Big government is exactly like a big corporation, people. So don't be silly and think human faults go away in either, but at least a corporation cannot tax or arrest people who CHOOSE not to buy their program.
    Also, I'm happy for Apple to 'take away from my quality of life' with a profit on my iPad...my choice to buy it.
  • thumb
    Jun 27 2011: Hi Krisztián Pintér.

    I responded to one of your comments and then read further along in the thread that you are not reading all of the posts because they got "hazy" (I think that was the word you used.)

    So that you might have a better chance of reading my comment, I have copied it here for you:


    QUOTE: "history proved that more economic freedom leads to fast progress. socialism proved to be the opposite."

    This is not accurate. Recent history has "proven" the opposite. A socialist system (China) has orchestrated the largest (and fastest) emergence from poverty in history; and "economic freedom" (capitalism) has been responsible for one of the largest (and perhaps fastest) economic declines in history.

    Our models may need to be adjusted.

    EDIT:

    Personally, I am not attached to any model or economic theory. My interest lies most with the individual. Regardless of the systems we operate within, their efficacy will be determined by the integrity of those who practice them.

    It is much easier to think about "a system" that functions optimally than it is to think about 6 billion people operating with integrity. I think that is why we tend to get emotional about "systems;" we see them as a solution to an otherwise insurmountable challenge, namely, managing or governing 6 billion individuals.

    I like making things simple so rather than focus on 6 billion people, I focus on one. One at a time - starting with me.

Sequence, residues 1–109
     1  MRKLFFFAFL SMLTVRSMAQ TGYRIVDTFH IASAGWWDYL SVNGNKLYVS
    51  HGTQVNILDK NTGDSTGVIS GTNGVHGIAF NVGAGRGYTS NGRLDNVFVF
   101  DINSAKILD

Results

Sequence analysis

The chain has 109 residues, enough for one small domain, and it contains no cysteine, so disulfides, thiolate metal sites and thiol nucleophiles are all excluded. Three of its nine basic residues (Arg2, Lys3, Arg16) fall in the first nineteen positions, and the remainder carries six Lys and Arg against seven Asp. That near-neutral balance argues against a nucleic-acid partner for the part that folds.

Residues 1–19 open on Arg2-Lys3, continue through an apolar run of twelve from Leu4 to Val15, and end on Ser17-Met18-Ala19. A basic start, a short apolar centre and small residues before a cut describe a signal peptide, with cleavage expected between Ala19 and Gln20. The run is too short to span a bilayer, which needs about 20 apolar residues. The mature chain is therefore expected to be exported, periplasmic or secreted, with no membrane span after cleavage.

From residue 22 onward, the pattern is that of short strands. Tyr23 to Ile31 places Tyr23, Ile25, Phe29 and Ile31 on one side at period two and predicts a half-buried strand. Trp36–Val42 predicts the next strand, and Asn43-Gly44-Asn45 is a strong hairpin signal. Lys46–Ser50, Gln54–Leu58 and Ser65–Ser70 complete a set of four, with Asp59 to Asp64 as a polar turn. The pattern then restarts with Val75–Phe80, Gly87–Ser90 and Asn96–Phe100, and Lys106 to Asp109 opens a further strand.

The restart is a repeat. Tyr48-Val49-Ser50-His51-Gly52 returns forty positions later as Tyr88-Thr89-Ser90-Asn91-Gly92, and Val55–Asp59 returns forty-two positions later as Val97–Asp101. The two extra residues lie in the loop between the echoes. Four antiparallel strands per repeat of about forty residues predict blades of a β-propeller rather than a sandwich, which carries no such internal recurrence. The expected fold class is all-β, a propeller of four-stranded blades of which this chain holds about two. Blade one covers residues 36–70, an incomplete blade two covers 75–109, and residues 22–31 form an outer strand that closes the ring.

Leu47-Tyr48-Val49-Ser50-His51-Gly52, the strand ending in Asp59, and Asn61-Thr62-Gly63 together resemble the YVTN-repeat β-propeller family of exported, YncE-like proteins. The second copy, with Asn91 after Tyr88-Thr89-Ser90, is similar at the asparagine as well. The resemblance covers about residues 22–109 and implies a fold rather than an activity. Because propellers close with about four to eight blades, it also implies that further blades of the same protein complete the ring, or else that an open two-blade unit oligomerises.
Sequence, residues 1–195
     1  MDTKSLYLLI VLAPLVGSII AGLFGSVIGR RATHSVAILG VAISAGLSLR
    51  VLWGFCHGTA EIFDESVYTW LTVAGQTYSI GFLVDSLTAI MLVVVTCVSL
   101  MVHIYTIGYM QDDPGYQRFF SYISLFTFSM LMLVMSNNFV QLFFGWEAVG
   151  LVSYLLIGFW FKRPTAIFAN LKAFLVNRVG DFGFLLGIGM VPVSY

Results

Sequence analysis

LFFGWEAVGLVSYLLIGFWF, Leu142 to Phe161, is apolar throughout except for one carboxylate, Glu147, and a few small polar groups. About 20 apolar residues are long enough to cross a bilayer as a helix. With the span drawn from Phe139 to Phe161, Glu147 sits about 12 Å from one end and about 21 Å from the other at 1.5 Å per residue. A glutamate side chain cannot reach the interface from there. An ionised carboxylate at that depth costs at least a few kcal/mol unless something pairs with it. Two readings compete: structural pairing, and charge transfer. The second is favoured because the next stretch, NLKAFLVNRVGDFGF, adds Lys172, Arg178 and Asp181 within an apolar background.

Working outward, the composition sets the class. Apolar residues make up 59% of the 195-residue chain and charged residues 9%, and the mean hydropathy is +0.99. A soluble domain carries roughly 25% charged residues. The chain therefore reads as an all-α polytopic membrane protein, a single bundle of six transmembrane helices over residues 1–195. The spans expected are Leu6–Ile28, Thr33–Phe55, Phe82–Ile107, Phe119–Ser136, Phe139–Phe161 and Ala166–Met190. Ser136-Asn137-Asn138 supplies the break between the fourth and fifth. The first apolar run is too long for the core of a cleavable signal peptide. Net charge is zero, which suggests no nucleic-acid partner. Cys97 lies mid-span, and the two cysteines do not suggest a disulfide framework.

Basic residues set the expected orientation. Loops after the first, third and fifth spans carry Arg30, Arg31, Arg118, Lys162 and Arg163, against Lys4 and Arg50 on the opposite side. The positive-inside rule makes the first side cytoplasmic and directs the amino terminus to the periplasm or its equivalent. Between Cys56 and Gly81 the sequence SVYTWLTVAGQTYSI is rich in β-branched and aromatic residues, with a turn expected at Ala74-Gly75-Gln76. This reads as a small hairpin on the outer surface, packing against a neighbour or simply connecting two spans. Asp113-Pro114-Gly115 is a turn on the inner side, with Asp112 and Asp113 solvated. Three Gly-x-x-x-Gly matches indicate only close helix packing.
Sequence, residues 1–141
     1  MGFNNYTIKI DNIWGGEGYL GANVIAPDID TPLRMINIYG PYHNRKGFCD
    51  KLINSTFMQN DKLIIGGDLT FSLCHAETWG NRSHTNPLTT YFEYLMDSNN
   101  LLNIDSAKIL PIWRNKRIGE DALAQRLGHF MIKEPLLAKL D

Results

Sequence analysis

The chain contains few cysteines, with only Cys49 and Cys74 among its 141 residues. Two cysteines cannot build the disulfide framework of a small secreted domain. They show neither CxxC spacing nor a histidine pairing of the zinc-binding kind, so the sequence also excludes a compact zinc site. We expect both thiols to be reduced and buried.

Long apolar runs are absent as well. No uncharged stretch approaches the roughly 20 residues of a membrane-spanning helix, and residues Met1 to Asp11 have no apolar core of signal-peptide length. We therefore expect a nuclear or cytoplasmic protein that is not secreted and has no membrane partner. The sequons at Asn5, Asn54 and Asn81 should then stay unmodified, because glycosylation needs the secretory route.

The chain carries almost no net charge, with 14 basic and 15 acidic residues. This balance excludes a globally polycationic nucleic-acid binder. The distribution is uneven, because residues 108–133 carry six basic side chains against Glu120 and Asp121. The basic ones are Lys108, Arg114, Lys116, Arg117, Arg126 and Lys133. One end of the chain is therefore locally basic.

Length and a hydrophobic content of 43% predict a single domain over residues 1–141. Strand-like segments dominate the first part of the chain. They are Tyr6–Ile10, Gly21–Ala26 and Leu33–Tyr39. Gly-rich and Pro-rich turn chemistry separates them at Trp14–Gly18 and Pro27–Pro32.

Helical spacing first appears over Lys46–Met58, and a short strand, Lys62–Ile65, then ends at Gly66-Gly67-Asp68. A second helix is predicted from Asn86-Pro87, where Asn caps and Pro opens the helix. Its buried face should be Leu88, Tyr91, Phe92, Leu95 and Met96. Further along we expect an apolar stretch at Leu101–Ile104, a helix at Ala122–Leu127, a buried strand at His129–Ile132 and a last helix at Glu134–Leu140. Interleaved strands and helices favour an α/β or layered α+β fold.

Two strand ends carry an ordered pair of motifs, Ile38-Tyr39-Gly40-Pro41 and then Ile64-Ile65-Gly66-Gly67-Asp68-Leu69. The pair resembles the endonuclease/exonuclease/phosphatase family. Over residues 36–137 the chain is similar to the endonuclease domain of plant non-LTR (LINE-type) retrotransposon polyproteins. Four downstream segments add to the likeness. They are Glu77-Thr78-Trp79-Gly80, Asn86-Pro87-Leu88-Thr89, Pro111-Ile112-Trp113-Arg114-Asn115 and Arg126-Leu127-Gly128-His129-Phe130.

• thumb
      Jun 27 2011: china's great economic development coincided with the creation of the special economic zones.
      • thumb
        Jun 27 2011: More accurately, China's recent economic developments coincide with Deng Xiaoping's economic reforms (改革开放) of 1978. The special economic zones are, in effect, trial runs - laboratory experiments, if you like.

        I'm afraid I may have missed your point.
        • thumb
          Jun 27 2011: my point is: china develops because it is NOT socialist economically. china created a mixture in which the capitalist part is the horse the pulls the cart.

          this is the same model as the west has, except they came from the opposite direction. they are adding more and more weight to the cart, making the poor horse more and more exhausted.

          but the picture is clear. capitalism is the only system that can generate progress.
        • thumb
          Jun 27 2011: Krisztian, I think I understand what you say, but isn't there a contradiction;

          "Capitalism is the only system that can generate progress." and "the poor horse getting more and more exhausted". The last doesn't sound like progress in capitalism, or you only refer to the Chinees horse?
        • thumb
          Jun 27 2011: i'm referring all the heavy carts and poor horses of any mixed economies. here, in hungary, tax rate is 50%. in the US it is around 20% i think. the poor horse has to pull 50% of his own weight. this is not capitalism. only to 50% (80 in the US).

          (edit: bad math above. poor horse pulls 100% of his own weight, not 50%.)

          chinese development is possible because they finally got a horse. earlier, they had a cart only, and hoped it will move on its own.

          the west is adding more and more weight to the cart. earlier, the horse pulled just a light two wheeled cart. but today they attached multiple wagons full with stuff and people. and they blame the horse for being too slow.
        • thumb
          Jun 28 2011: I see, thank you for clarification, interesting analogy, I understand your viewpoint.